Under a set of agreements signed in 2003, the Imperial Valley has gradually been reducing the amount of water it pumps into the Salton Sea, instead selling it to urban customers in growing San Diego County. This and other water transfer agreements are causing the Salton Sea’s elevation to steadily drop, exposing more and more acreage of its contaminated soil.
The problem is compounded by the fact that the areas surrounding the Salton Sea are growing. Between 2005 and 2012, the cities of the Coachella Valley grew by 10.5 percent to more than 350,000. Imperial County’s population is expected to double over the next 50 years. And when you add in the 700,000-and-growing just across the border in Mexicali, there are a lot of people within a 50-mile range of the Salton Sea. Expand that radius out a bit, and there are also the thick urban populations of the San Diego and Los Angeles metropolitan areas in the potential fallout zone.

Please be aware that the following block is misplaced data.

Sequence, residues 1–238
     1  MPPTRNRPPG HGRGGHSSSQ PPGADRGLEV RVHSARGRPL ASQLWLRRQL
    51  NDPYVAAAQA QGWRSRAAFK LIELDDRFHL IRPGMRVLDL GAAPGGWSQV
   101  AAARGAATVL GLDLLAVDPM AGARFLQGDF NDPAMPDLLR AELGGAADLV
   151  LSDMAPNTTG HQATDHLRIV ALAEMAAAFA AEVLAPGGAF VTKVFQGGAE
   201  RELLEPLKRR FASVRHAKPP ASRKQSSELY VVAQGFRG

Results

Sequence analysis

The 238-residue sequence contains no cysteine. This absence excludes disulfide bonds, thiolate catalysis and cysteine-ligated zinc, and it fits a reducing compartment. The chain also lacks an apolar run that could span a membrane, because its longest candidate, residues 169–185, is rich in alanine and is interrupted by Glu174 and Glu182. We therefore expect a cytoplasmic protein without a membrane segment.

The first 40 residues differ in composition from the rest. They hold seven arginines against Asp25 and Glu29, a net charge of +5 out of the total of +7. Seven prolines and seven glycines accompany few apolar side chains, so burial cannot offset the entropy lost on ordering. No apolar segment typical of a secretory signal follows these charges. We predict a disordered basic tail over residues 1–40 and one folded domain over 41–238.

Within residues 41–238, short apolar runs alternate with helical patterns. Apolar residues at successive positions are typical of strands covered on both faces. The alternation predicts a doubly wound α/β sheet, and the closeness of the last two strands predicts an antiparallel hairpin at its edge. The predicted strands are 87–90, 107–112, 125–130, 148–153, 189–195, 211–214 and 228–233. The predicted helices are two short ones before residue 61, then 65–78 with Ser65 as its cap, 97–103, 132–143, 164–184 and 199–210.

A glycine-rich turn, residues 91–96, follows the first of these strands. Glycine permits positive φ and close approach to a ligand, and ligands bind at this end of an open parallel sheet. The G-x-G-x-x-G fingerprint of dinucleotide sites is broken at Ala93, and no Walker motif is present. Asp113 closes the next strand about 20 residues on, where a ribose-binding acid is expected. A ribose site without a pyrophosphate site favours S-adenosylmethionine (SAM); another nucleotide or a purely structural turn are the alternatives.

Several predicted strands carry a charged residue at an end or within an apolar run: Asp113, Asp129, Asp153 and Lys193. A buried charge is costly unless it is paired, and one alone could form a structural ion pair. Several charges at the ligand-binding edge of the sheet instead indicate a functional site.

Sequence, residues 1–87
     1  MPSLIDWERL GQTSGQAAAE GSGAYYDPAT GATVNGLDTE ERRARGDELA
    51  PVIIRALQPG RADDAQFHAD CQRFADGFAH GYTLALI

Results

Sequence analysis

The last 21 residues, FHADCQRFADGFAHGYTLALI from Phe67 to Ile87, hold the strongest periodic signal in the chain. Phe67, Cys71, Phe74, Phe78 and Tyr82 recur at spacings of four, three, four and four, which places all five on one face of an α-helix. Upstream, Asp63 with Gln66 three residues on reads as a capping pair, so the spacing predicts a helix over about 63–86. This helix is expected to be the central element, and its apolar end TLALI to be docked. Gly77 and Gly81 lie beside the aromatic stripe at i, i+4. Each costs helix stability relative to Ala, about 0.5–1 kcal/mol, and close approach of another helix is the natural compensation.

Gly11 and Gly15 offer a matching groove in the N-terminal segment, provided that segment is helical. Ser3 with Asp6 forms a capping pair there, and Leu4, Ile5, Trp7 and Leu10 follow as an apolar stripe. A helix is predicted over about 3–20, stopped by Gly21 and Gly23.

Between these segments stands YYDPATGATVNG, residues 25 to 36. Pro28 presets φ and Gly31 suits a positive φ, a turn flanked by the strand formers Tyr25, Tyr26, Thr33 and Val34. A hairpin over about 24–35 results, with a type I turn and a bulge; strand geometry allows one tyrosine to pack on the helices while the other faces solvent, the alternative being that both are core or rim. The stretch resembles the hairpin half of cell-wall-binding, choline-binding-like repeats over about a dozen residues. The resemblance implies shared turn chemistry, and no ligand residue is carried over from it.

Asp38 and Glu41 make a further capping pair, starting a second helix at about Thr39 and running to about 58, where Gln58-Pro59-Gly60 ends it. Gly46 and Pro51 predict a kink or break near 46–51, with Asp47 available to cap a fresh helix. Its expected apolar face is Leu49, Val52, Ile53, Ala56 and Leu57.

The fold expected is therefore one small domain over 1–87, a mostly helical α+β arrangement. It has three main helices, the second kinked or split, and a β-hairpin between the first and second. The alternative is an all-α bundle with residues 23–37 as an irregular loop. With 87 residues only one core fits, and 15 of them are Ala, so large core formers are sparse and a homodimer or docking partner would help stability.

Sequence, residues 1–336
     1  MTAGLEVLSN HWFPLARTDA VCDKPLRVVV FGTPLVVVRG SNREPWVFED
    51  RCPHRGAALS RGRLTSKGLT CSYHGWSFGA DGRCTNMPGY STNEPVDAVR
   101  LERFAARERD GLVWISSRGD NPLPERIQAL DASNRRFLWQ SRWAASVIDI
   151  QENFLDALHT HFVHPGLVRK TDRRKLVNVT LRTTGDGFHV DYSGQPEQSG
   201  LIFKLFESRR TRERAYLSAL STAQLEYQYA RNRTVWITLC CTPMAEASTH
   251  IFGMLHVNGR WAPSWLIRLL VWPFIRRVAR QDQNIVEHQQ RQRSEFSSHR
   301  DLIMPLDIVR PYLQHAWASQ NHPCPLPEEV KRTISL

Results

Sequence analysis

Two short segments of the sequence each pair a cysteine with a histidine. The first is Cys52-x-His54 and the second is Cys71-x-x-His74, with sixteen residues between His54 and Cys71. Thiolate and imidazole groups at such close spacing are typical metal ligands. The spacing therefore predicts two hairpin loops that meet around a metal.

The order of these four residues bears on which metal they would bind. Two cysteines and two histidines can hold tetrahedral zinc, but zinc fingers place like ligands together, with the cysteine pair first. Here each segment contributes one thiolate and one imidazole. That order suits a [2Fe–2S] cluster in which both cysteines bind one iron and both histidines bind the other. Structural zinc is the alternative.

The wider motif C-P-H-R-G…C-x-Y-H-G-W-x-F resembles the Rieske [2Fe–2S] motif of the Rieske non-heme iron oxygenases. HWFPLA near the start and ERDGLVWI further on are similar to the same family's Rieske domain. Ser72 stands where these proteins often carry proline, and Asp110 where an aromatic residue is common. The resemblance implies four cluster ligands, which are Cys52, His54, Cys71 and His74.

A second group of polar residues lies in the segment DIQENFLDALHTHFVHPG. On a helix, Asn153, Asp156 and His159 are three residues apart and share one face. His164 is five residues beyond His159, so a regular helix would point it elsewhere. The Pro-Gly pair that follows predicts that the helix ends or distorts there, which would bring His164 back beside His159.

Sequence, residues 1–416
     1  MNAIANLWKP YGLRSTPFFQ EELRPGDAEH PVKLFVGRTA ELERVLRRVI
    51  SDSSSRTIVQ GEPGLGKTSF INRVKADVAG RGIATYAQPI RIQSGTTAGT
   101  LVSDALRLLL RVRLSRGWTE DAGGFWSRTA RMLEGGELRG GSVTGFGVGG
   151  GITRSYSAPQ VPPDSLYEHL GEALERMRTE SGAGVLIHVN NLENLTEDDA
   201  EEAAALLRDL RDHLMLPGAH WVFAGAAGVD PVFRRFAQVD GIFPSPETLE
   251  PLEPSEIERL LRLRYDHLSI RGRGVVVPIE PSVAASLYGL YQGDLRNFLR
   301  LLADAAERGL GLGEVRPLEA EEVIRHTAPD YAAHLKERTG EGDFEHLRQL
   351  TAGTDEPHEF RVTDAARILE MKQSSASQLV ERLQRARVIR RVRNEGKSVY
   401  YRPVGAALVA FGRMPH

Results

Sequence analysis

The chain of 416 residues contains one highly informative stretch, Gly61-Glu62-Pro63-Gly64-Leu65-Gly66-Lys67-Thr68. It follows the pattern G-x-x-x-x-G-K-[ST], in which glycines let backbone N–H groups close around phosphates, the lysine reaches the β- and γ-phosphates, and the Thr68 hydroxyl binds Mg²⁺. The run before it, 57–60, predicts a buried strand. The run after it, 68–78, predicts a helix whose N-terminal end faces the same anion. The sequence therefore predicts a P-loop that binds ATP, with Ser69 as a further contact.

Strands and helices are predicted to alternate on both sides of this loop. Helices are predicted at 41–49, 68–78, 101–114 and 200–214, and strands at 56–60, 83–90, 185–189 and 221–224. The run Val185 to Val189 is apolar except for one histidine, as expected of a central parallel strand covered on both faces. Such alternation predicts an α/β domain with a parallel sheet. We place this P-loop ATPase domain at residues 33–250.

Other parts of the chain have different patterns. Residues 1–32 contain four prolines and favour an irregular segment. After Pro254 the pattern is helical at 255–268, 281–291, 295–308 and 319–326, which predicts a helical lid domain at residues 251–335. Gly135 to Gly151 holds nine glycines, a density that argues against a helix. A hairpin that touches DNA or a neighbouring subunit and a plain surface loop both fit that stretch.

While it seems unwise to allow or enable further growth in the area, it may be this 21st-century urban boom — in thirsty neighboring regions and in the immediate surrounding area — that becomes the best impetus for finally doing something about the Salton Sea. While urban areas far beyond the sea are taking away its water, the growing populations nearby are bolstering the need to find and implement some solution to not only get more water into the sea, but also try to clean up the water and soil that’s already there. Urban growth nearby is exposing more people to environmental and health hazards, but it’s also raising the stakes for why something has to be done.
It’s somewhat impolite to consider the urban growth in the Coachella and Imperial valleys as leverage, but these people may be the most effective tool to ensure that the long brewing plans for restoring the Salton Sea don’t get lost in the same bureaucratic channels that doomed it the first time.
Nate Berg is a writer and journalist covering cities, architecture and urban planning. Nate’s work has been published in a wide variety of publications, including the New York Times, NPR, Wired, Metropolis, Fast Company, Dwell, Architect, the Christian Science Monitor, LA Weekly and many others. He is a former staff writer at The Atlantic Cities and was previously an assistant editor at Planetizen.